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By Cameron Sturdevant  |  Posted 2006-02-20 Print this article Print
 
 
 
 
 
 
 


Arbor networks has added user-level tracking, SNMP polling and a handful of other features to Peakflow X, enhancing the internal IPS ability to assist network managers in hunting down troublesome or unauthorized network clients.

Released Jan. 11, Peakflow X 3.4, which costs $60,000, is a 2U (3.5-inch) appliance that sits in the network to monitor traffic. Because Peakflow X is part of the behavior anomaly detection family of internal intrusion prevention systems, it quietly monitors and "learns" what normal network operations look like. When an anomaly is detected—for example, when an end-user system accesses a particular server at an odd time—Peakflow X alerts network operations personnel.

But Peakflow X is the first internal IPS weve seen that combines network behavior anomaly detection with what amounts to signature-based detection tools.

In this version of Peakflow X, Arbor Networks has added ATF (Active Threat Feed), a service that provides Peakflow X policies created by Arbor Networks staff. We configured our Peakflow X system to look for new ATF data every hour. ATF policies, which are developed using Arbor Networks honey pots and service provider protection solutions, are provided as part of the service contract at no additional charge.

During the time we spent testing Peakflow X, the ATF policies we downloaded didnt specifically lead to the detection of any network attacks. However, a preconfigured ATF policy did bust a user who was trying to access forbidden (as configured on our test network, anyway) Yahoo Internet e-mail.

New in this version of Peakflow is the ability to identify nonconforming traffic down to the individual user.

Most internal IPS solutions weve seen have no trouble connecting bad traffic to individual machines, but we havent used one yet that provided user-level identification.

To use this feature, which works only when user data is stored in Microsofts Active Directory or when the user identification data is available from a DHCP (Dynamic Host Configuration Protocol) server, we installed Peakflow agent software on our Microsoft Windows Server 2003 Active Directory system.

The installation process created a service on the Windows server that initiated an encrypted connection to the Peakflow X appliance. Active Directory provided user-to-IP-address mapping that was then displayed in traffic reports on the Peakflow management system.

Although we dont think that user-level identification is so important that IT managers already using Peakflow X should immediately upgrade, we did see value in connecting user names to suspect network traffic. And the effort to get user details associated with network activity was minimal—we had the whole thing installed in less than 5 minutes.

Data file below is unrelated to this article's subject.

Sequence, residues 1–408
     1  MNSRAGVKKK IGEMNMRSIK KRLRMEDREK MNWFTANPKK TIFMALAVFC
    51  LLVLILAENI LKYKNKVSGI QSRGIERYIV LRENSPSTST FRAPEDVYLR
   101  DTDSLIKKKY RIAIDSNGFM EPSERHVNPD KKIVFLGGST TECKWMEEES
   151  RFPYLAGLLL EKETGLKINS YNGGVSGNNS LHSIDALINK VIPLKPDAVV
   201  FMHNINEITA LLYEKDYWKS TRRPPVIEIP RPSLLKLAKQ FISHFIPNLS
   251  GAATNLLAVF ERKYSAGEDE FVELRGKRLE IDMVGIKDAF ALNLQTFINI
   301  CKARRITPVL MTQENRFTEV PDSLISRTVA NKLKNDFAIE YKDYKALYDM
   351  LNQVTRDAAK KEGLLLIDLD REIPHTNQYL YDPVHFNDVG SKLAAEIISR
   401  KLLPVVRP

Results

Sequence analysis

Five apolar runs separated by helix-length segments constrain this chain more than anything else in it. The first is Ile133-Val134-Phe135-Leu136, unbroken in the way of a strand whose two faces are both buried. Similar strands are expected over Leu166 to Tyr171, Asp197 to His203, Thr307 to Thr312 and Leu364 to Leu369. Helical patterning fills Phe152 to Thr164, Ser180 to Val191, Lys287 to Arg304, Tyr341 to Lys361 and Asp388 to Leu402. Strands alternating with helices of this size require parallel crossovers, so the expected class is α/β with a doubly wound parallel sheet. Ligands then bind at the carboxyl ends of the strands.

We did, however, have a bit of confusion during installation when we had to import a digital certificate from the AuthX agent install into our Active Directory server to facilitate the encrypted connection.

Peakflow X should be considered a critical piece of the network management infrastructure, so the addition of SNMP management features is welcome. With Version 3.4 of Peakflow, we were able to keep tabs on general Peakflow X availability through our Hewlett-Packard OpenView NNM (Network Node Manager) console using SNMP traps.

This capability is especially important for Peakflow X operations because the product must be up and running continuously for its base-line and anomaly detection functions to work correctly. And, because Peakflow X is not an in-line device, it might not be readily apparent to operations staff if the appliance were to go down.

It took almost no time to add the Peakflow X appliance to our NNM console. In fact, Peakflow X fit neatly into our test network without requiring any reconfiguration of routes or network infrastructure equipment. Network operators will likely spend much more time on Peakflow X policies and network traffic reports than actually installing the device in the network.

However, like nearly all its competitors, Peakflow X requires a connection to a monitoring switch port or access to a mirroring network tap so that it can see all network traffic.

Similar to most network behavior analysis products, Peakflow X acts like a network traffic analyzer on steroids—it collects huge amounts of flow data about network activity.

We therefore appreciated the fact that the product allowed us to designate a variety of access levels to this sensitive data, allowing, for example, junior operators to see troubleshooting data without being able to modify the policies that generated the reports.

Next page: Evaluation Shortlist: Related Products.



 
 
 
 
Cameron Sturdevant Cameron Sturdevant has been with the Labs since 1997, and before that paid his IT management dues at a software publishing firm working with several Fortune 100 companies. Cameron also spent two years with a database development firm, integrating applications with mainframe legacy programs. Cameron's areas of expertise include virtual and physical IT infrastructure, cloud computing, enterprise networking and mobility, with a focus on Android in the enterprise. In addition to reviews, Cameron has covered monolithic enterprise management systems throughout their lifecycles, providing the eWEEK reader with all-important history and context. Cameron takes special care in cultivating his IT manager contacts, to ensure that his reviews and analysis are grounded in real-world concern. Cameron is a regular speaker at Ziff-Davis Enterprise online and face-to-face events. Follow Cameron on Twitter at csturdevant, or reach him by email at csturdevant@eweek.com.
 
 
 
 
 
 
 

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